1892: The Speaking Tubes Of Lafayette Square
A reference to ‘speaking tubes’ appeared during a look at old real estate listings around Lafayette Square. Being from split level suburbia, I’d never heard of them.
When I was a kid, a couple of my friends had intercom systems in their homes. It was a 60’s kind of thing, and although I distrusted anything someone’s mom might be listening in on, I appreciated the electronic marvelousness of a thing that could pipe the news or music throughout the house. Another thing that characterized these systems was lack of functionality. When we tried to test them out they seldom worked right; or at least in a straight-forward way. So we’d mostly just mess with the buttons and pretend it was something else.
Voice tubes for communication trace back to about 1850, and a number of patents were issued for improvements through the 1890s. They were used on naval vessels into the 1950s, and a memorable example was all the yelling done on USS Caine by Humphrey Bogart in 1954. Orders were commonly barked from the bridge to the engine room. Getting someone “on the horn” had its origin in voice tube communications.
In the beginning of a kitchen project here, we encountered a hollow copper tube, about an inch in diameter with a flared end projecting through the wall. Turns out it was part of a speaking tube system, and that these were fairly common in Lafayette Square homes from the 1870s through 1890s.
Affluent homeowners had to devise ways to summon help from level to level of their homes, as the kitchen and servants quarters were set off from the living area. An early method was to run a string from one room, to ring a bell in another. Hard to convey any specific information by bells without going on for a while, so the introduction of speaking tubes was a big improvement. The idea was that the summoner would put his/her lips to the valve on one end, and blow, creating a sound like a tea kettle at the other end.
This would alert the servant (or whoever), and that person would twist the small handle, opening the valve, and then begin conversing when the other person put an ear to their end.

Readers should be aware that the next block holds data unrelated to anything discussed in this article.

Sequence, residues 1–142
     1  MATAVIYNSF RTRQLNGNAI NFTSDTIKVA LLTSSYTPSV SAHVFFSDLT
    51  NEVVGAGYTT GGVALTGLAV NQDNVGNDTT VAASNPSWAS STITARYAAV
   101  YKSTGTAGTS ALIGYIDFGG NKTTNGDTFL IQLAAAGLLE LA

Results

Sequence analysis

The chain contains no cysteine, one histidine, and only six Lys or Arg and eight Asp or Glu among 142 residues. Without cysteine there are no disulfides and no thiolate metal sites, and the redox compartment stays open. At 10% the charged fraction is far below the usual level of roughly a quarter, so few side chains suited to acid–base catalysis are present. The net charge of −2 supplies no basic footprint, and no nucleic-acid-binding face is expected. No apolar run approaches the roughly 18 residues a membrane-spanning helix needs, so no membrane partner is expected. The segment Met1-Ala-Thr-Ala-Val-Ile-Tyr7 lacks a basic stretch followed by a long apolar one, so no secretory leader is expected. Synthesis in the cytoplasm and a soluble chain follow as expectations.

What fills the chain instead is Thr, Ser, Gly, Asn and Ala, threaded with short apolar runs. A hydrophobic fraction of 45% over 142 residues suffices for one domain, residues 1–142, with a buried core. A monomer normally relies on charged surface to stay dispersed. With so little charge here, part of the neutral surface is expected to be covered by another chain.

The effective range of a tube made of copper or galvanized metal is about 300 feet, which would easily cover most of a Lafayette Square mansion’s needs. The only drawback is that one needed separate lines to each room as the voice was otherwise unable to be directed.
Marie Davies of the Lehmann House kindly provided me a couple photos of her system, top of the line for the time:
Telephones ruined all this sport, for speaking tubes and intercom systems alike. I’m not sure what the hygienic trade off of speaking tubes in the age of coronavirus is, either. It would effectively distance people who would then be blowing directly toward each other. The iPhone is definitely hard to beat for room to room contact, though the pre-Branson Tony Orlando prescribed another method with this hit from way back in 1971.
Thanks to research sources, including:
Real estate ad from St. Louis Post-Dispatch April, 1892
Scientific American blog; Jennifer Oullette; July 23, 2012 https://blogs.scientificamerican.com/cocktail-party-physics/can-you-hear-me-now-sound-technology-of-the-19th-century/
Wikipedia entry for speaking tubes; https://en.wikipedia.org/wiki/Speaking_tube
An interesting discussion thread at Old House Web; http://www.oldhouseweb.com/forums/viewtopic.php?f=4&t=6133
The Caine Mutiny photo from Columbia Pictures; 1954. Highly recommended, and the strawberries were delicious.
Image of servant bells from Paul Black for clearcom.com